Over the years we have been fortunate enough to visit some pretty interesting places. In the beginning, we were eager to buy stuff everywhere we went. But over time we’ve come to value different things and often don’t bring anything back at all anymore. One souvenir we almost always do keep is a bit of local money. This habit has bloomed into a full blown collection of interesting foreign currency. Below are the ten that we find the most interesting.
10. Seychellois Rupee
The Seychelles is without a doubt one of the most beautiful places we have ever explored. Appropriately, their money is pretty beautiful, too. The Seychellois rupee is adorned with fish and flowers and perfectly represents the unique exoticism of its country. As we explored the Seychelles, and discovered the largest seed on the planet, we mostly spent euros. But these rupees are not too hard to find.
9. Hong Kong Dollar
Even though Hong Kong has been part of China since 1997, the special administrative region maintains its own currency as well as other traits that definitely make it feel much more like an independent state. Hong Kong continues to use paper currency. However in 2007 they issued a special $10 note made of Guardian polymer for a two year trial in order to commemorate the ten year anniversary of the country’s handover. You can still find these limited issue $10 notes in circulation today. They are probably the most interesting bit of Hong Kong currency out there.
8. Egyptian Pound
For me, the most interesting thing about the Egyptian pound is how long they leave them in circulation. At nearly 7 pounds to one US dollar a single pound is effectively worth almost nothing. And yet Egypt still has a paper note for that denomination. One pound notes are basically circulated until they disintegrate. I assume the only reason these notes don’t have the pyramids on them is because they weren’t yet built when they were printed.
7. Israeli Shekel (Sheqel)
The history of the shekel is as interesting as the history of Israel itself. From 1948 to 1980 Israel’s national currency was the lira. From 1980 Israel made the switch to shkalim (plural of shekel) but due to rapid devaluation against the US dollar in 1986 the shekel was deemed the “Old Shekel” and Israel rolled out a “New Shekel” that was worth 1,000 of the old shkalim. The current shekel boasts every security feature there is. Made of Guardian polymer each note is plastic, waterproof, and sports a small window in the shape of a Star of David in the lower corner.
6. Mongolian Tögrög
I’ll be honest, I didn’t know what this currency was called the entire time I was in Mongolia. In fact, I’m still not sure how to pronounce the two dots on top of the O. What I do know is their notes feature what appears to be two dozen cows hauling a gigantic yurt on wheels and a man with some killer facial hair.
5. Hutt River Dollar
Going in to your local currency exchange you will definitely not find any Hutt River Dollars. This unique currency was given to me personally by the Princess of the Principality of Hutt River. Pegged to the Australian dollar, the only place you can pick up this currency is by paying a visit to the Hutt River capital of Nain. Yes, those are emus on the back.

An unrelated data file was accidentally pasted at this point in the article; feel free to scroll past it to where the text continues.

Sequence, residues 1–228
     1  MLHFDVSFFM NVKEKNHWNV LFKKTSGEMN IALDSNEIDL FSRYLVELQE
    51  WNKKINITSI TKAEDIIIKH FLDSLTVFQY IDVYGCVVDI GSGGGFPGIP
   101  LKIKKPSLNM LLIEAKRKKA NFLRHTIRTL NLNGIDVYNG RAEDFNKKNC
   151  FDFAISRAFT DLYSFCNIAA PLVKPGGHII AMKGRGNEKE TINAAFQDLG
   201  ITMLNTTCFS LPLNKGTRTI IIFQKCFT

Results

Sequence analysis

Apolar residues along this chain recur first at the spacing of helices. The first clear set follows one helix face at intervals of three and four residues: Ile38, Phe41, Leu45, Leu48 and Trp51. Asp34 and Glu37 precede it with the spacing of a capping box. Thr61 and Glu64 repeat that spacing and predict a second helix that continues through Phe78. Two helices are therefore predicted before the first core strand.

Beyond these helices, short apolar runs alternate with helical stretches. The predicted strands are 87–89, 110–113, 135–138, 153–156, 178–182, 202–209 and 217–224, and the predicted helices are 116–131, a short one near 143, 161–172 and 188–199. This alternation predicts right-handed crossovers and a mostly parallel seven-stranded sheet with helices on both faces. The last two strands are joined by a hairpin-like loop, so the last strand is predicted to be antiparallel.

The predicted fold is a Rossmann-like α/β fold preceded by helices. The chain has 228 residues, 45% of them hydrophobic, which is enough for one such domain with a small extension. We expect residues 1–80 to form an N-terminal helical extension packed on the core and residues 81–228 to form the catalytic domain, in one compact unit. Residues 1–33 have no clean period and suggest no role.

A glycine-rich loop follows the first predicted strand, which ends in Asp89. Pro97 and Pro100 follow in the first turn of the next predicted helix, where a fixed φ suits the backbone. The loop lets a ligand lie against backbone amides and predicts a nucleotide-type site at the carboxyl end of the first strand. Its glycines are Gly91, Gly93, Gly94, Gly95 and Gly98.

4. Western African CFA Franc
I picked this one up on a visit to Dakar, Senegal and it never really made any sense to me. At the time, I didn’t know of any regions of different countries that shared a single currency outside of Europe. However there are actually two currencies in Africa that do just that. The Western African CFA Franc is used in Senegal, Benin, Burkina Faso, Ivory Coast, Guinea-Bissau, Mali, Niger and Togo. The Central African CFA Franc is used in Cameroon, Central African Republic, Chad, Republic of the Congo, Equatorial Guinea and Gabon. The most interesting part of these two currencies is that they are effectively interchangeable, have a fixed exchange rate to the Euro and are guaranteed by the French treasury.
3. New Zealand Dollar
This money has penguins on it. PENGUINS! Do I really need to further justify its inclusion on this list? New Zealand is another country that makes use of the polymer notes instead of paper. This means that like penguins, their money is entirely waterproof.
2. Cuban Convertible Pesos
Cuba is one of the most interesting countries in the world, especially from a currency standpoint. They are one of few nations that actually maintain two separate and wildly unequal national currencies. This unique arrangement allows for a functional internal economy while promoting the existence of goods and services that the local population could never possibly afford. Locals use the Cuban Peso (CUP) and foreign visitors use the Cuban Convertible Peso (CUC). For practical purposes one CUC equaly roughly 25 CUPs thus keeping the best of Cuba out of reach of its citizens.
1. Iraqi Dinar
So I’m cheating a bit on this last one. I have not been to Iraq, but I do have these dinars in my collection. I just acquired them through other means. These are of course not the currency of modern Iraq. This is most evident by the fact that they prominently feature a dapper young Saddam Hussein that’s looking a bit like a mustachioed Ricky Ricardo.
Do you collect currency when traveling? What have been the most interesting ones you have seen?